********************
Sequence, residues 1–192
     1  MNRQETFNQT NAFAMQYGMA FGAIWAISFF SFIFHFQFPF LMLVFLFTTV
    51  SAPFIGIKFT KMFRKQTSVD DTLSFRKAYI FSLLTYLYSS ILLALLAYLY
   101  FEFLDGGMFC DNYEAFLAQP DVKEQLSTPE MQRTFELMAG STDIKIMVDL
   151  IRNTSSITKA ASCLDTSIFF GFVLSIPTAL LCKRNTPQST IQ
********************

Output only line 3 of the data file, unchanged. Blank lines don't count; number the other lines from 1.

    51  SAPFIGIKFT KMFRKQTSVD DTLSFRKAYI FSLLTYLYSS ILLALLAYLY